“This appears to be a very original 1964 Ford Thunderbird that has a V-8 engine and automatic transmission. The Thunderbird has Silent-Flow ventilation, Swing-Away steering column, center console, remote driver’s side mirror, bucket seats, radio and power windows. This is an appealing entry-level Thunderbird.”
Uh oh. “This appears to be…” is auction-speak for “Approach with caution.” They want you to know that this car could be OK, or it could be a cash vacuum biding its time until it can kill you in a way that looks like it was your fault. I guess if you were a mechanic (or masochist) that didn’t mind the fact that you’re one year too late for the gorgeous ’63 model’s styling and 40 years too late for being relatively sure that it won’t explode the first time you try to turn it over. It’s just nice enough to make you think you can live with it, but tatty enough that you’re going to start wanting to tinker with things until you’re divorced and homeless. FLEE!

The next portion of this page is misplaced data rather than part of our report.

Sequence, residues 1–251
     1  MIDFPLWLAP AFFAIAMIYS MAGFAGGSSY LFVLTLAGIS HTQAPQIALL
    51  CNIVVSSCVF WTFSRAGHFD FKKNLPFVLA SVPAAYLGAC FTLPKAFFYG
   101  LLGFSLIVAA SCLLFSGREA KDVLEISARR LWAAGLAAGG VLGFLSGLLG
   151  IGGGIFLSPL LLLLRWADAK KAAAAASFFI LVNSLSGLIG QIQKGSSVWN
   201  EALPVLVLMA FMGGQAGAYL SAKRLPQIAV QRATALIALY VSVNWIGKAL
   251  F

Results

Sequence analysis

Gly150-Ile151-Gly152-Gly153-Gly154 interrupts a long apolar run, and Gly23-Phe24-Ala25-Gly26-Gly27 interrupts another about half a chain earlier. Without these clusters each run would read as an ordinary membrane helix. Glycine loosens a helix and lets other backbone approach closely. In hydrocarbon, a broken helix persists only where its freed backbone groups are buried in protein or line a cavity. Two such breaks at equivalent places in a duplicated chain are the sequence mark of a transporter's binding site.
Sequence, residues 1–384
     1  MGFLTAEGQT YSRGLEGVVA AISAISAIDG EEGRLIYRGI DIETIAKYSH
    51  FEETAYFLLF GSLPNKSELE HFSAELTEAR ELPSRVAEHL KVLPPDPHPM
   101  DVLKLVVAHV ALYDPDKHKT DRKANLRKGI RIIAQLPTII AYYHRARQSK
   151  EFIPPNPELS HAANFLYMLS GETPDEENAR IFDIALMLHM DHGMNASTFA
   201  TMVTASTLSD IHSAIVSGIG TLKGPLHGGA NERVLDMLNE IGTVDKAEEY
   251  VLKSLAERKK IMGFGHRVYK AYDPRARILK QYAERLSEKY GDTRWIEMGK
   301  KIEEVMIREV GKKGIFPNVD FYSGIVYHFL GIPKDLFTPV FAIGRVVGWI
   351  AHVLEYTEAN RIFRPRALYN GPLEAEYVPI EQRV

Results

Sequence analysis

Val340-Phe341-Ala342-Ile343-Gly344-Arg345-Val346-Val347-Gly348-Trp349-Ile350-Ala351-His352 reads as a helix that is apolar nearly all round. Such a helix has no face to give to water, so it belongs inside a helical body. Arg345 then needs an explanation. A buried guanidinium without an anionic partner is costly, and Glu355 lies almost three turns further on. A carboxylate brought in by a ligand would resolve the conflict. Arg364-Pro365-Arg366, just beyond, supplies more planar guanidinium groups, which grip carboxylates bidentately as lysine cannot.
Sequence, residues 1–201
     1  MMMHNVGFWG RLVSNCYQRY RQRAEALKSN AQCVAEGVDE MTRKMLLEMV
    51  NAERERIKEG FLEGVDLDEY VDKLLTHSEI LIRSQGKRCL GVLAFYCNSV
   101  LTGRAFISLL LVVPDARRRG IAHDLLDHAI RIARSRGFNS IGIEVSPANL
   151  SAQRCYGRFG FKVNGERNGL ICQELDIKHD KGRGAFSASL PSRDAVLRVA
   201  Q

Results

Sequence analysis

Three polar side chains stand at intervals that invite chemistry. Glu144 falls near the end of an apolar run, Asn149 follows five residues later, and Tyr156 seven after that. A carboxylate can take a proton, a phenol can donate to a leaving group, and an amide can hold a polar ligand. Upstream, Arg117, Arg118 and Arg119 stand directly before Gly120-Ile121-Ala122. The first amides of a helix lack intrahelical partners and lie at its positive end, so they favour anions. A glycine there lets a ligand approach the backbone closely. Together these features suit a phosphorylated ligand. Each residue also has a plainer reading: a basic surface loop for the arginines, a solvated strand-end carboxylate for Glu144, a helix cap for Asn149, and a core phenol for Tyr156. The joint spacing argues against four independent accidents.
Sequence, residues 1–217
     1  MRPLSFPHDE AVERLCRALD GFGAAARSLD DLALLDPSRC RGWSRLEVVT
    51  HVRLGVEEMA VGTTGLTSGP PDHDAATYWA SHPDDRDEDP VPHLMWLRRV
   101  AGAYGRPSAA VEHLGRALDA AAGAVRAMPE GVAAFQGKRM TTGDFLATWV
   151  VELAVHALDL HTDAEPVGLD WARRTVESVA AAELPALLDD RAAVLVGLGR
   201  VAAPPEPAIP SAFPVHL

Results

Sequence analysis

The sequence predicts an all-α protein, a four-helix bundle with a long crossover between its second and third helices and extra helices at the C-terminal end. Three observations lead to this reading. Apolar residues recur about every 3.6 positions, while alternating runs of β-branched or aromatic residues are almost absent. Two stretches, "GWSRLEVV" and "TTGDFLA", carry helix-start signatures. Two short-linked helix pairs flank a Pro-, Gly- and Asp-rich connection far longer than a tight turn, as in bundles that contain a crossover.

Lot 3008 – 1979 Lincoln Continental Mark V [$3,300]
“Vinyl Top. Has been in the same family for 30 years. Only used for summer driving, and was kept in the garage. Runs and drives nice.”
Welcome to the yin/yang of the “summers only” car. Sitting—provided you don’t crash or have a mechanical failure—can be as harmful to cars as driving them. Seals leak, the oil that’s supposed to be all over the engine’s internals drains to the pan, leaving them unprotected, etc. So, sure, the outside of this car looks great and the interior’s OK, but why on earth is the engine so rusty? That Japanese mini-sub they recovered from Pearl Harbor after 50 years in the ocean was in better shape than the valve cover and brake booster, and the rest of the engine bay’s not much better. Something’s amiss here but for the money you could probably fix it and still have paid less than the car’s worth.
Lot 2030 – 1962 Chevrolet Corvair Monza Club Coupe [$3,740]